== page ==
Quito, Ecuador – What a difference a piece of cloth makes. Indigenous’ polleras, or Muslim headscarves tend be read as signs of poverty and subjugation whereas a mini-skirt usually asserts a woman’s emancipation. Of course, women’s rights do not reside in dress. Yet the way one dresses has political significance. A mini-skirt or a headscarf can both be symbols of oppression or emancipation, depending on the context.
At first sight, indigenous women wearing polleras in the Bolivian Congress do not seem to have much in common with young Muslim women defending their right to wear the scarf to attend French universities. Looking closer, however, their insistence in bringing cultural attire into public realms points at similar practices of resistance. In both cases, clothing becomes a strategic site of political contestation to negotiate rights and authority.
Polleras, the vibrant wool skirts one sees indigenous women wearing in national-geographic-like imagery, depict a supposed cultural authenticity. Dressed in colourful textile as they harvest millennia-old grains, indigenous women are portrayed as guardians of pre-Colombian languages and practices.
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In fact, the current Venezuelan Constitution claims to “protect” indigenous women as “guardians of tradition”. Imagined as the quintessential descendants of the Incas and the Aztecs, indigenous women are perceived by the dominant society as isolated in time and space, untouched by political or social modernity.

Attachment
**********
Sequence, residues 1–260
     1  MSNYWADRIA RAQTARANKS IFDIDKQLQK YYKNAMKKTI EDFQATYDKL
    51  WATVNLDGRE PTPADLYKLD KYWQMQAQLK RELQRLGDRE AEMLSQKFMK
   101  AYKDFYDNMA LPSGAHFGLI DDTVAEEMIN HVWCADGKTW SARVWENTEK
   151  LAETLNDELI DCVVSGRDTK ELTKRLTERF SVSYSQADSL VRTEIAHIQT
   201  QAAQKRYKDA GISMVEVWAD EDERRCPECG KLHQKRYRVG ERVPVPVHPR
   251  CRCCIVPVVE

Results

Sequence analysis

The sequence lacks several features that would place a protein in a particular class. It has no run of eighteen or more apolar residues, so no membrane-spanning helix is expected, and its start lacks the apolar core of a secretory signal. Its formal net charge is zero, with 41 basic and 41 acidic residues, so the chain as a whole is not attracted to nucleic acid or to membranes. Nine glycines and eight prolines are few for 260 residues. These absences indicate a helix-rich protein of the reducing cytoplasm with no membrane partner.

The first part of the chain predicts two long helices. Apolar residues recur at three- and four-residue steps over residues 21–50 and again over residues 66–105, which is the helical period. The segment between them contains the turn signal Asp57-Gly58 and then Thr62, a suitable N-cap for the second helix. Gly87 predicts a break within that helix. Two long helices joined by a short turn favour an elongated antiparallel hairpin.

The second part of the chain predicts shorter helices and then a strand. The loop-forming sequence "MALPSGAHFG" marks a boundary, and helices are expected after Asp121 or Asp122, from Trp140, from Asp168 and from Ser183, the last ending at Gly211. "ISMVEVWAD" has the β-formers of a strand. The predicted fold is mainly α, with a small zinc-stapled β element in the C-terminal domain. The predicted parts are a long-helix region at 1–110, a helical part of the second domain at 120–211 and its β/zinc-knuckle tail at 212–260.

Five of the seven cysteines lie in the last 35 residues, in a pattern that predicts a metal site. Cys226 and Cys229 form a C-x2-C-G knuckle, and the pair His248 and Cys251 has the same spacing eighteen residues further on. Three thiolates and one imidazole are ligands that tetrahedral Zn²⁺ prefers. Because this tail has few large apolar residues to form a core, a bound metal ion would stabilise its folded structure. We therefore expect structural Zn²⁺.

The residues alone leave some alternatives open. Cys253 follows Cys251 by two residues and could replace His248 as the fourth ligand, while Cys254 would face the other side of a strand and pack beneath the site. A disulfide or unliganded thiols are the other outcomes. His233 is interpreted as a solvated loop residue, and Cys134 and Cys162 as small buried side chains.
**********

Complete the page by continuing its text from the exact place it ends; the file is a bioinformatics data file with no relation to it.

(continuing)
Polleras are a marker of ethnicity as much as marginality. They are the dress of the uncivilised,evoking poverty, scarce opportunities and restricted agency. The women who wear them often work in poorly remunerated jobs, in fields and markets or labouring in the houses of wealthier women, surviving at the political and economic margins of society. Despite representing strong cultural identities, polleras are read as the absence of choice.
Other cultural clothes evoke a similar backwardness, the one of “other” cultures, exotic but inadequate to development, civilisation and, yes, gender equality. Take the veil, for instance. Less exotic, perhaps, it too is a loaded symbol of oppression, signifying multiple un-freedoms. This is apparently the thought process of French parliamentarians, who voted to forbid its use in public spaces in the name of women’s rights, protecting the nation’s modern national identity against the barbarian invasions.
Both polleras and veils are perceived as signs of cultures that keep women down, cultures that have not yet achieved political modernity. As different as they may be, in the collective imaginary both are signs of the oppression of women, visual reminders of gender inequality and implicitly indicators of underdevelopment.